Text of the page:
How to buy an election
What does it mean that it’s possible?
With the November elections loomin
g, campaign donations are heating up. Sharron Angle, Republican Senatorial candidate for Nevada, received $14 million in the last quarter alone, to give one example. The topic of money in politics always raises the worry that a politician will “buy an election,” or that the richer candidate will win by virtue of the size of his war chest. But how can someone “buy” a free and fair election where people aren’t bribed to vote for a candidate?
Well, it costs money to get people’s attention (e.g. to buy television ads). And the more attention a candidate can afford, the more time he will have to explain why he’s the best person for the job. This makes sense to a degree, certainly at the edges, where one candidate has 100 times more money and 100 times more opportunities to present his arguments, or where one candidate doesn’t have enough money to even communicate his core views effectively.
But what does it mean that a candidate has a huge advantage when he has only 2 times as much money? It such circumstances, let’s assume that the poorer candidate can still afford to present his most important policy proposals, personality, political and personal values, and personal affiliations, and that there is a stark contrast between the two candidates. That’s what really matters; and shouldn’t that be enough? It clearly isn’t.
This means that, in many cases, democratic citizens are not strong or engaged enough deliberators to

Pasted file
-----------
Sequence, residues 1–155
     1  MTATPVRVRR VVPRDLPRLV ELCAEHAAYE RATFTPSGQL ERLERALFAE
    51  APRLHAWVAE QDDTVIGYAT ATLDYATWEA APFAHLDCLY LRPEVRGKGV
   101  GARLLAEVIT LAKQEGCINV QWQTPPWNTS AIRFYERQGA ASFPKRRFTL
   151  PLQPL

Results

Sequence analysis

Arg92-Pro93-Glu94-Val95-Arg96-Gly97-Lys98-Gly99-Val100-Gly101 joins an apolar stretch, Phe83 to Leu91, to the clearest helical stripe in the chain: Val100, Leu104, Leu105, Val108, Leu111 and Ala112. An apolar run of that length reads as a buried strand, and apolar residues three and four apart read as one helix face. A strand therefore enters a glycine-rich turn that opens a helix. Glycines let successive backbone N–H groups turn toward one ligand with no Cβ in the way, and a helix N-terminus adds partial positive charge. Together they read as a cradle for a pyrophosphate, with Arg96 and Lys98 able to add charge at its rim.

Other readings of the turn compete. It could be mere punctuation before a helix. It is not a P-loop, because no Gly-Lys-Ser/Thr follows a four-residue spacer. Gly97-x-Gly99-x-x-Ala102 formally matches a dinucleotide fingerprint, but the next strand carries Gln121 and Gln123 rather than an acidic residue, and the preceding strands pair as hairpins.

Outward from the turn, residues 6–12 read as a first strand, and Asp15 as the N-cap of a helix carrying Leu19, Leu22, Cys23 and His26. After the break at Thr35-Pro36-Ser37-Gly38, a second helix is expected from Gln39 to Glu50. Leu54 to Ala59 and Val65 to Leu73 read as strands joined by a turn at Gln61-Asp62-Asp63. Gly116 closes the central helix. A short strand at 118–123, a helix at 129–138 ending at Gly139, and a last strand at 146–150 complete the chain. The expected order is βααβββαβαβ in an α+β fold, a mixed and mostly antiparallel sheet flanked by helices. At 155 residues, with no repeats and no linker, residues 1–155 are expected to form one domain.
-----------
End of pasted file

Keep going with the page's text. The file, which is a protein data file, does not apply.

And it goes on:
withstand unimportant, trivial arguments and attacks. Because beyond that core pitch, that’s what’s going on for the most part.
Well-funded Democrats and Republicans don’t “buy” elections by communicating their most cherished, big ideas. The candidate with half the funds can do that. They “buy” elections, to a significant degree, by obfuscating the truth, by having the funds to waste air time on small “gotcha” points that, in reality, are not central. Citizens lack the time, ability, and/or interest to fill in the gap and present good counter-arguments to what candidates are selling. We need the other candidate to come forward and defend himself.
This should damage our conception of ourselves as good democratic deliberators, but only to a degree. It should really give us pause, though, to consider methods of limiting the way in which money in politics empowers such trivial, as opposed to central arguments.
The best place to start, in my book at least, is television ads, which make up 2/3 of spending on political ads. Too often, political TV ads are vehicles for small,
peripheral, sophistic points, a form of brain-washing that is difficult to counteract with good deliberation, no matter how enlightened the people. That’s how commercial television ads work; we wake up and decide, for mysterious reasons, that we want to buy Dove soap or a Burger King burger. When I think about money in politics, I’m not worried that some candidate or company will write or fund an article, book, or documentary that will convince people, through reasoned argument, why they’re right. I’m worried about people buying TV ads and getting citizens on their side without any real argument at all.
There are obvious First Amendment implications to ridding ourselves of political TV ads, but it’s not beyond reasonable discussion, insofar as the point is not less money in politics, or that some candidates or groups, depending on their viewpoint, cannot speak. It is merely that speaking through this venue—the 30 second TV ad—is detrimental to our political discourse, which the First Amendment exists to protect.
Image by Flickr user kevindooley used under a Creative Commons Attribution License